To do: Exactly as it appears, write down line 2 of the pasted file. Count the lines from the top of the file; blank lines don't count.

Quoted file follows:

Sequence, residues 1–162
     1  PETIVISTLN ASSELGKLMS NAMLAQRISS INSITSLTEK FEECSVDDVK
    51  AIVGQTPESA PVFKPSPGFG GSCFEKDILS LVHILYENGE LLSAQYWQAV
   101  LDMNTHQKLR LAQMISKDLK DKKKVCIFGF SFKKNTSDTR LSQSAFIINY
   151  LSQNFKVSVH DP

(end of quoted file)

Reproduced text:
     1  PETIVISTLN ASSELGKLMS NAMLAQRISS INSITSLTEK FEECSVDDVK